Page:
Originally Posted by grniys
Ugh, I'm fighting the urge to scratch my head reading this thread.
Honestly, after having lice as a kid and being nearly traumatized over it (at my school it was considered the equivalent of leprosy) I wouldn't let my ds play with those kids until I knew they were lice free. Or at least not in my home. And if the parent's seemed really laid back I would call the school and see what the policy is on lice, and report them if need be.
I sound harsh, yes. I just remember the horrible treatments I had to go through. My cousin and I both got lice at around the same time, and as soon as one of us would get rid of it the other would get it (I originally caught it from school). It lasted a while and was awful! My scalp would burn and I'd cry from the treatments. So no, I wouldn't risk my son going through that because other parent's weren't taking it seriously enough. Flame me if you'd like, but lice is NOT a pleasant thing to have.
I never knew about tto working as a preventative measure. I'll look into that some more.
How much of this is down to the way that it was handled? I'm trying really hard not to get this thread shut down, but treating a child with head lice as if they have leprosy is abuse, plain and simple, and I trust that nobody here would do that to their children. There's a lot of talk about it but nobody is actually picking up and running with the point that Orangefoot and I are trying to make.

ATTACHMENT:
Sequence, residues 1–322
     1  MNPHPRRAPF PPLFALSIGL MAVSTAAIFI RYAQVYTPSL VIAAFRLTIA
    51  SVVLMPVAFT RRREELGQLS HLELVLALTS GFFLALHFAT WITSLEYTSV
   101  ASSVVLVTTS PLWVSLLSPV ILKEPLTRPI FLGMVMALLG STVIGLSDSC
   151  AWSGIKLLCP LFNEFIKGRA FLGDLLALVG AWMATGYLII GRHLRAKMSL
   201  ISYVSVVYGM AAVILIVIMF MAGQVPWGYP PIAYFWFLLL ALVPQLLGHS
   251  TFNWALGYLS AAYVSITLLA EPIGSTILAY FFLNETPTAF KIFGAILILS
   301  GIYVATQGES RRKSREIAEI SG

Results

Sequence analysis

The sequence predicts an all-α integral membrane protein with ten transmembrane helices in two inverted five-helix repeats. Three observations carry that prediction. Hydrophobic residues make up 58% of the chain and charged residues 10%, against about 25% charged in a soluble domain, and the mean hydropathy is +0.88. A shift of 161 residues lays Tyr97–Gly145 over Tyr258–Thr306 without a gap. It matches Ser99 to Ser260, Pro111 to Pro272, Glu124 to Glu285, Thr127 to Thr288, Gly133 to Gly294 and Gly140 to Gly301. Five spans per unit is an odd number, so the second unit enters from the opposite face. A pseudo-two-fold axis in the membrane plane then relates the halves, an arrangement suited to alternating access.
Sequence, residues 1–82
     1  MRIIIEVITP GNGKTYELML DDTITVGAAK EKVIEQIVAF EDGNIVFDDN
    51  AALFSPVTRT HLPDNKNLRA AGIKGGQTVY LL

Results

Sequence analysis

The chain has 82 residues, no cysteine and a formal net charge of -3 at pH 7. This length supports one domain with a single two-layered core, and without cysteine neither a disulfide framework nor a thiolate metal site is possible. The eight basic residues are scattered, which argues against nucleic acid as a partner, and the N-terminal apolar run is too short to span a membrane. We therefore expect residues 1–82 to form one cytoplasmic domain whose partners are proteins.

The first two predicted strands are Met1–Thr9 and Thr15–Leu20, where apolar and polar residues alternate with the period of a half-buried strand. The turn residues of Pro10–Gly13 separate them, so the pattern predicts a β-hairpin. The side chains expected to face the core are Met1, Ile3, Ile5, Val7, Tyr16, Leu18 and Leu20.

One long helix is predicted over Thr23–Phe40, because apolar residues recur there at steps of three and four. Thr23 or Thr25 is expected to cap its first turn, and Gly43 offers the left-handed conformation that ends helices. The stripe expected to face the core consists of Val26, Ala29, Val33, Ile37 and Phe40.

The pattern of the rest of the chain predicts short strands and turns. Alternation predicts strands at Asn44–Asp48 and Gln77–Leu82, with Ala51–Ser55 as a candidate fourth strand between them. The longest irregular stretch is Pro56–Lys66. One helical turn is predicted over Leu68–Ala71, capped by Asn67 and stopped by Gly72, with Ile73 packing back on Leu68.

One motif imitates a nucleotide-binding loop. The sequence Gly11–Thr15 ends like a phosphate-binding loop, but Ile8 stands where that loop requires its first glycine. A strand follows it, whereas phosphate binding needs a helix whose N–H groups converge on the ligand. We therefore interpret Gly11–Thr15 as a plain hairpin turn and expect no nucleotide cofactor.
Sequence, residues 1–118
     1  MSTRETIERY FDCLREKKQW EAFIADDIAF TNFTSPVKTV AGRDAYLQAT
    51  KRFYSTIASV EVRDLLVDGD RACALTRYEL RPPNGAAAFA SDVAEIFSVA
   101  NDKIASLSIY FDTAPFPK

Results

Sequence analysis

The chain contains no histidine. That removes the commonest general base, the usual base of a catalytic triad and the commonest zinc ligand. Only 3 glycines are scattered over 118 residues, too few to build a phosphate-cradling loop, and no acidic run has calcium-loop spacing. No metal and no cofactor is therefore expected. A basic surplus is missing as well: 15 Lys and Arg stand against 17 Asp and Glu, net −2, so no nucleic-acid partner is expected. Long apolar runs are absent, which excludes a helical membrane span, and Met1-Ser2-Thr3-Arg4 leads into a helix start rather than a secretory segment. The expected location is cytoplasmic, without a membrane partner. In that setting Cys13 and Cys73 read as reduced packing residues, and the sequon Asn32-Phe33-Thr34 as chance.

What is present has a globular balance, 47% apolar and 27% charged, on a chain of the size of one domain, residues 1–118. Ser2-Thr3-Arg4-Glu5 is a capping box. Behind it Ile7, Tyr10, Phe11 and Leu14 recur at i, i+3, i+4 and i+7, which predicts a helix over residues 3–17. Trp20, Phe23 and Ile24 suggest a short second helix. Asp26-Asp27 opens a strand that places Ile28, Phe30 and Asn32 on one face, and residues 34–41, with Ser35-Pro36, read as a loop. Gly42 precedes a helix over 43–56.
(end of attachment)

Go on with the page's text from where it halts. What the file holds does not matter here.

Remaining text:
1) Lice walk, not jump, from head to head. They are parasitic, and their bites itch. Because it can take months to become sensitized to the bites, people frequently have no idea they've got them- that's why checking is so important. In a way, it's something to be proud of- a kid with no friends doesn't have lice, and it's as simple as that. This also means that it is unbelievably difficult to tell where you got an active infestation from if you aren't checking, because the allergic response (itchiness) develops at different times in different people.
2) Lice do not transmit any known disease. They exist solely for the function of sucking our blood. They are not a health hazard in any other sense of the word.
3) Everyone on the planet has a home remedy for head lice.
4) Treatment is not prevention. If you treat your whole family, the little boy next door also has lice and comes to play the next day, then the whole family is going to have lice again
5) Fashion, as much as anything, has led to this. I noticed that my boys had less problems with nits and lice when we went poo-free. Tying girls hair back is a known effective deterrent- so is brylcream on boys. Generally, nobody does either of these things nowadays.
BUT nobody is actually picking up the crucial point here- of asking what damage we are doing to our children's body image and self-confidence of subjecting them to this treatment in the name of lice. What are we doing to our social relationships and interactions with other children? Is it actually justified? A PP talked about comparing lice to leprosy, but that's pretty disproportionate.